.............(7.7)`color {blue}{➢➢}`Similarly, we define the rms voltage or effective voltage by

`color {blue}{V= (v_m)/(sqrt2)n = 0.707 v_m}`

.............(7.8)From Eq. (7.3), we have

`v_m = i_mR`

or , `(v_m)/(sqrt2) = (i_m)/(sqrt2) R`

or,

`color {blue}{V= IR}`

.............(7.9)`color {blue}{➢➢}`Equation (7.9) gives the relation between ac current and ac voltage and is similar to that in the dc case.

`color {blue}{➢➢}`This shows the advantage of introducing the concept of `rms` values. In terms of `rms` values, the equation for power [Eq. (7.7)] and relation between current and voltage in ac circuits are essentially the same as those for the dc case. It is customary to measure and specify `rms` values for ac quantities. For example, the household line voltage of `220 V` is an `rms` value with a peak voltage of

`color {blue}{V_M = sqrt2 V = (1.414)(220V) = 311V}`

`color {blue}{➢➢}`In fact, the `I` or rms current is the equivalent dc current that would produce the same average power loss as the alternating current. Equation

`color {blue}{P = V^2 / R = I V " " ("since "V = I R)}`

(7.7) can also be written as

Q 3118845700

A light bulb is rated at 100W for a 220 V supply. Find

(a) the resistance of the bulb; (b) the peak voltage of the source; and

(c) the rms current through the bulb.

Class 12 Chapter 7 Example 1

(a) the resistance of the bulb; (b) the peak voltage of the source; and

(c) the rms current through the bulb.

Class 12 Chapter 7 Example 1

a) We are given `P = 100 W` and `V = 220 V.` The resistance of the bulb is

`R = (V^2)/(P) = (220V)^2/(100W) = 482Omega`

(b) The peak voltage of the source is

`V_m = sqrt2 V = 311V`

(c) Since, `P = I V`

`I = P/V (100W)/(220V) = 0.450A`

`color{blue} ✍️` As we learnt that the current through a resistor is in phase with the ac voltage. But this is not so in the case of an inductor, a capacitor or a combination of these circuit elements.

In order to show phase relationship between voltage and current in an ac circuit, we use the notion of phasors. The analysis of an ac circuit is facilitated by the use of a phasor diagram.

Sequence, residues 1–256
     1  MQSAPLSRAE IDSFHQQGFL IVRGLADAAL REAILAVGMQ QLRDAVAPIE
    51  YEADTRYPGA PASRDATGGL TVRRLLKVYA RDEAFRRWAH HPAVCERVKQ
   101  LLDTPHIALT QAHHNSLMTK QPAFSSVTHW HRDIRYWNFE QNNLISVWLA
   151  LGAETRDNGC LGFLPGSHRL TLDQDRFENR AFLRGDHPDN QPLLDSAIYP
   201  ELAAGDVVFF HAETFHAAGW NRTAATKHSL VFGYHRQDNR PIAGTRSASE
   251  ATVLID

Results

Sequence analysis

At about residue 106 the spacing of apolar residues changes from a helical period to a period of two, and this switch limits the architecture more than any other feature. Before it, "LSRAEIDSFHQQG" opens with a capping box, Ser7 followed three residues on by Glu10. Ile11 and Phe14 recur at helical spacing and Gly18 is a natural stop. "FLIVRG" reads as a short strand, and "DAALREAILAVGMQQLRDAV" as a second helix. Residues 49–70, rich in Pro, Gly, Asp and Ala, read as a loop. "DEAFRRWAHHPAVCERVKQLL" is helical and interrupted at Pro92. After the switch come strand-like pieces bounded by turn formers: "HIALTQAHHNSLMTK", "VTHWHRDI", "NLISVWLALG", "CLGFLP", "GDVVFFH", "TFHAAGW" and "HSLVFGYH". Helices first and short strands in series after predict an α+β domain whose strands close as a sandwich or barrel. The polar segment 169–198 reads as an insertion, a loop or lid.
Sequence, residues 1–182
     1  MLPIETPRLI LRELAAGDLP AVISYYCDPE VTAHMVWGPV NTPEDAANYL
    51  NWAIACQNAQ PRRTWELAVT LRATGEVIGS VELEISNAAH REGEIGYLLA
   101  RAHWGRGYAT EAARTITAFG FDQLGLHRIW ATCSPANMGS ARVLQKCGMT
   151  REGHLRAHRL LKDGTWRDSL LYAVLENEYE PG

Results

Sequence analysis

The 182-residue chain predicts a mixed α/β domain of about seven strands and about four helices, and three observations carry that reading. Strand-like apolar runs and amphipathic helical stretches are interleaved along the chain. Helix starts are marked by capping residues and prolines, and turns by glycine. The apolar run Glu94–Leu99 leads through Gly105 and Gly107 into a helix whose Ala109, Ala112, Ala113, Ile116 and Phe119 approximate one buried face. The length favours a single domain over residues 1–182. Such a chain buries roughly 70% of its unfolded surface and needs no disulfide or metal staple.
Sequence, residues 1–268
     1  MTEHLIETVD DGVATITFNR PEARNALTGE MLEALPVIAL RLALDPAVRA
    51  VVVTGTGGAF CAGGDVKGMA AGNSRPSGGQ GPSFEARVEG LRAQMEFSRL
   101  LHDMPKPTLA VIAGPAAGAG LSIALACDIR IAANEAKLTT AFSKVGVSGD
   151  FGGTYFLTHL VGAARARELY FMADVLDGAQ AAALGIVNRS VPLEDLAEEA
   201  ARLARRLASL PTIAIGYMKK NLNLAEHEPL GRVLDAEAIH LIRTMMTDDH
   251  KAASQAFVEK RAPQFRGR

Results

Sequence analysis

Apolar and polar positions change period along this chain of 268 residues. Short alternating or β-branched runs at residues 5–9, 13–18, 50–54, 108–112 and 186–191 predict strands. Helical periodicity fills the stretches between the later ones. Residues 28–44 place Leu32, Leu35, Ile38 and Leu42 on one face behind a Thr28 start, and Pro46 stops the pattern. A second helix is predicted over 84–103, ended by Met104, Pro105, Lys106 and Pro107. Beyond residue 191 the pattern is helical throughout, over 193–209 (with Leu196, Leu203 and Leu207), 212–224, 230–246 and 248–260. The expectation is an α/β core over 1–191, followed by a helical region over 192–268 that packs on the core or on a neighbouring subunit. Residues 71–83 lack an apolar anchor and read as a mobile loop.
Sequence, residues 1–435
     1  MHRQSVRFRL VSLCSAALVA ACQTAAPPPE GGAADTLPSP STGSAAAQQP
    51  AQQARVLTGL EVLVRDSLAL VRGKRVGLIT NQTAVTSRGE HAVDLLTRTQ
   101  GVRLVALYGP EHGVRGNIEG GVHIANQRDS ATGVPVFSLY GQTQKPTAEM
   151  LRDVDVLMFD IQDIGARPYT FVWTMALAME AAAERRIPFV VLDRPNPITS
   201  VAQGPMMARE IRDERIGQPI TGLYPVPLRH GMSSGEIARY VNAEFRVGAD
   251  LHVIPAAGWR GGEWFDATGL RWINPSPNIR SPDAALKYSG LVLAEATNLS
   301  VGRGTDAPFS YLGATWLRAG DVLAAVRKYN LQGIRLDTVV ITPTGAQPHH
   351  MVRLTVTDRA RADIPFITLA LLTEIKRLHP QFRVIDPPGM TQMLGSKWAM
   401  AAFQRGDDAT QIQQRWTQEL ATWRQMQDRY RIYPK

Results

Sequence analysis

`color{blue} ✍️` A `"phasor"` is a vector which rotates about the origin with angular speed `w`, as shown in Fig. 7.4.

`color{blue} ✍️` The vertical components of phasors V and I represent the sinusoidally varying quantities v and i. The magnitudes of phasors V and I represent the amplitudes or the peak values `v_m` and `i_m` of these oscillating quantities.

`color {blue}{➢➢}`Figure 7.4(a) shows the voltage and current phasors and their relationship at time t1 for the case of an ac source connected to a resistor i.e., corresponding to the circuit shown in Fig. 7.1.

`color{blue} ✍️` The projection of voltage and current phasors on vertical axis, i.e., `v_m sinomegat and im sinomegat,` respectively represent the value of voltage and current at that instant. As they rotate with frequency w, curves in Fig. 7.4(b) are generated.

`color {blue}{➢➢}`From Fig. 7.4(a) we see that phasors `V` and `I` for the case of a resistor are in the same direction. This is so for all times. This means that the phase angle between the voltage and the current is zero.

In order to show phase relationship between voltage and current in an ac circuit, we use the notion of phasors. The analysis of an ac circuit is facilitated by the use of a phasor diagram.

`color{blue} ✍️` A `"phasor"` is a vector which rotates about the origin with angular speed `w`, as shown in Fig. 7.4.

`color{blue} ✍️` The vertical components of phasors V and I represent the sinusoidally varying quantities v and i. The magnitudes of phasors V and I represent the amplitudes or the peak values `v_m` and `i_m` of these oscillating quantities.

`color {blue}{➢➢}`Figure 7.4(a) shows the voltage and current phasors and their relationship at time t1 for the case of an ac source connected to a resistor i.e., corresponding to the circuit shown in Fig. 7.1.

`color{blue} ✍️` The projection of voltage and current phasors on vertical axis, i.e., `v_m sinomegat and im sinomegat,` respectively represent the value of voltage and current at that instant. As they rotate with frequency w, curves in Fig. 7.4(b) are generated.

`color {blue}{➢➢}`From Fig. 7.4(a) we see that phasors `V` and `I` for the case of a resistor are in the same direction. This is so for all times. This means that the phase angle between the voltage and the current is zero.